4. Mar 25, 2008 #4

    Parrothead

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    The ONLY time I don't use pigtails is when the receptacle in question is the last one in the line. Meaning there is wire feeding the receptacle, but no wire going out to the next one.
     
  5. Mar 25, 2008 #5

    Square Eye

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    LOL.. You guys :)

    3 electricians, 3 distinctly different ideas expressed here.

    Find 2 electricians who agree on everything and the world may come to an end!

    Personally, in a furring situation like this, I like 4square by 1 1/2" deep boxes with 1/2" plaster rings, when I have a wad of wire to deal with. The plaster ring centers the device and there is plenty of room on the sides to fold your wire in. Carelessly jamming and cramming wire into any box is good way to nick the insulation and cause a short. There aren't actually many boxes shallow enough to work with 2x2 furring. Some outdoor boxes will work, they have plenty of room inside also.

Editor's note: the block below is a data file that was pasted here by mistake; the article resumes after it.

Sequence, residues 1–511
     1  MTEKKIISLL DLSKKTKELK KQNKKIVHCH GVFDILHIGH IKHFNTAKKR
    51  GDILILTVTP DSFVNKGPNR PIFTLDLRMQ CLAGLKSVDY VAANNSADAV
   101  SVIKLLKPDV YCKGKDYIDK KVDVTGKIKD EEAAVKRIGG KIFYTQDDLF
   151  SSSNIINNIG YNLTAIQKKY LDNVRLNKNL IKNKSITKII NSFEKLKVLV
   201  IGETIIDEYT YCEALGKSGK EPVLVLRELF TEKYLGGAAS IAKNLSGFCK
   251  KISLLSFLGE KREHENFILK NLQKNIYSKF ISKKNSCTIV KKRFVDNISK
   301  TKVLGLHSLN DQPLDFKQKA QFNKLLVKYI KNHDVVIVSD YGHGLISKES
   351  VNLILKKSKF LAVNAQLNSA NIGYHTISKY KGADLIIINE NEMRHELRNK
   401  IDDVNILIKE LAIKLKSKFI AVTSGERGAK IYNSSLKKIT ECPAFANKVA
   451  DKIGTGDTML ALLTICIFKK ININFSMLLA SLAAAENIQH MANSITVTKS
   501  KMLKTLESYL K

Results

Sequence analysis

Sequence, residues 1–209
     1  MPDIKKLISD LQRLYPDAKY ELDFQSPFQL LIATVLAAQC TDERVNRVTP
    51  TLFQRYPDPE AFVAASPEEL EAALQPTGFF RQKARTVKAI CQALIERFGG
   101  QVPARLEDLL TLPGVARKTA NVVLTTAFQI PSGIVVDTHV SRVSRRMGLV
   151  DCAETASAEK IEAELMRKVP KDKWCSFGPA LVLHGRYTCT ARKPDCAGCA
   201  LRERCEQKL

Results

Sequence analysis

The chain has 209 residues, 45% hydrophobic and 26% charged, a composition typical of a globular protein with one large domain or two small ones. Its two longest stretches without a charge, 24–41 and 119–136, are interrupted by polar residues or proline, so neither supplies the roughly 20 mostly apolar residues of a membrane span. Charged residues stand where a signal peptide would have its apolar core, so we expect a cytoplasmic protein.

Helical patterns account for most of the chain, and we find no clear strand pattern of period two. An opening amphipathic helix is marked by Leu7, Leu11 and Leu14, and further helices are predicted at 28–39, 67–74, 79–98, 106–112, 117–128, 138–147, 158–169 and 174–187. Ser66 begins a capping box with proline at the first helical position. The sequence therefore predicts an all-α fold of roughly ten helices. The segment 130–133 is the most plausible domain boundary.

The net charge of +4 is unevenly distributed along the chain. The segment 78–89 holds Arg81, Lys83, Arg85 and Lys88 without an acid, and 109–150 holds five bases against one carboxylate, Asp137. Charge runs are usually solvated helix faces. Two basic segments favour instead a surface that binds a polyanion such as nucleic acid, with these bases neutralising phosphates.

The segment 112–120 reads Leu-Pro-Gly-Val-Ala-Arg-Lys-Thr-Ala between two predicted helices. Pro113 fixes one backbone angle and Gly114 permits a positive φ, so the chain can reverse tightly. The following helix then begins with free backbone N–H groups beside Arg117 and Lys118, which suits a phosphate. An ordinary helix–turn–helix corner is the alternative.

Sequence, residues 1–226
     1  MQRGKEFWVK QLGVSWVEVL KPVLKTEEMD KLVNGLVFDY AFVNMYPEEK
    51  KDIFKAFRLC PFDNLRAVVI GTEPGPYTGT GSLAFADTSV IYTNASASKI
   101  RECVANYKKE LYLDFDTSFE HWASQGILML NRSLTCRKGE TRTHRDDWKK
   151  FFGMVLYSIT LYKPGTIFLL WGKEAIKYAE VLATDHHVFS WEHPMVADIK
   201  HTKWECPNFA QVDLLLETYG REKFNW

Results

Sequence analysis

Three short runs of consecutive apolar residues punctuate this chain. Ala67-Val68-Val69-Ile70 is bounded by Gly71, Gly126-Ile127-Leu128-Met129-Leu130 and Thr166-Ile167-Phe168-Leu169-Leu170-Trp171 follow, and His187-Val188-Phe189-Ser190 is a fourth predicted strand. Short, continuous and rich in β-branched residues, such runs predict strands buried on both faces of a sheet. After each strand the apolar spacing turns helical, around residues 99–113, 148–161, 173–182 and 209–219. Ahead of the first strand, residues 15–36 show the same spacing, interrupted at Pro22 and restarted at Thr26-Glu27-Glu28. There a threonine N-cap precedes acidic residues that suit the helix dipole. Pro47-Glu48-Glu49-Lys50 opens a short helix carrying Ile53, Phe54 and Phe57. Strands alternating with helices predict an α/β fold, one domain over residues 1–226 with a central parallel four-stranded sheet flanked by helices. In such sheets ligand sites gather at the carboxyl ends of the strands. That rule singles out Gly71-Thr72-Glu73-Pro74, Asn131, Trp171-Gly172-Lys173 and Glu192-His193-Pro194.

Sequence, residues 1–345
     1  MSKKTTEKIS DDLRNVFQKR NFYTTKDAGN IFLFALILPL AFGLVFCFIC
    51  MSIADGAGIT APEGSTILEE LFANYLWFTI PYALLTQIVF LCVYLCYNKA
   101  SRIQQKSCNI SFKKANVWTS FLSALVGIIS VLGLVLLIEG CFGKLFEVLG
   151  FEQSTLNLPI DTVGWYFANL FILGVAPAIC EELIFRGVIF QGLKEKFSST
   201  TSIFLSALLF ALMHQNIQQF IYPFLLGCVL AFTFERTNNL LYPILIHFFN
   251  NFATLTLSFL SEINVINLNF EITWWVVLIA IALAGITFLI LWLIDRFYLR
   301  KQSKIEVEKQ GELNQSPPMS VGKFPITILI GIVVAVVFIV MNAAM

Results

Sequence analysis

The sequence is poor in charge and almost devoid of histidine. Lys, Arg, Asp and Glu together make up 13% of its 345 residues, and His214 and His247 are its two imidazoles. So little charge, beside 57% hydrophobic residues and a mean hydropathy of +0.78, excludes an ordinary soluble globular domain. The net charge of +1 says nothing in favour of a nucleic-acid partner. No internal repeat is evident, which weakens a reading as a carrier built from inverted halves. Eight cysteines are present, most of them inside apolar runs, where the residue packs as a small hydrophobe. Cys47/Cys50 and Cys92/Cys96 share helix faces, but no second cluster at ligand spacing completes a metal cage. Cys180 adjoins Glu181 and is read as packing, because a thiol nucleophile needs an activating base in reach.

PLUS, if you anticipate ANY moisture problems, they may actually help resist corrosion on your connections.


    And tape your wire nuts on if you want.. Who cares? lol
    I have often wrapped around my devices once with tape just for a little tiny extra precaution before I fasten them into the box. But then again, Who cares? :)
    Twist your wires together before you wirenut and keep the ends of the wire even. Wirenuts do help with the connection but you need to consider them just a protector. Make every effort you can to make a good splice before you wirenut and then the wirenut will have less excuse to fail.
     
  6. Mar 25, 2008 #6

    triple D

    triple D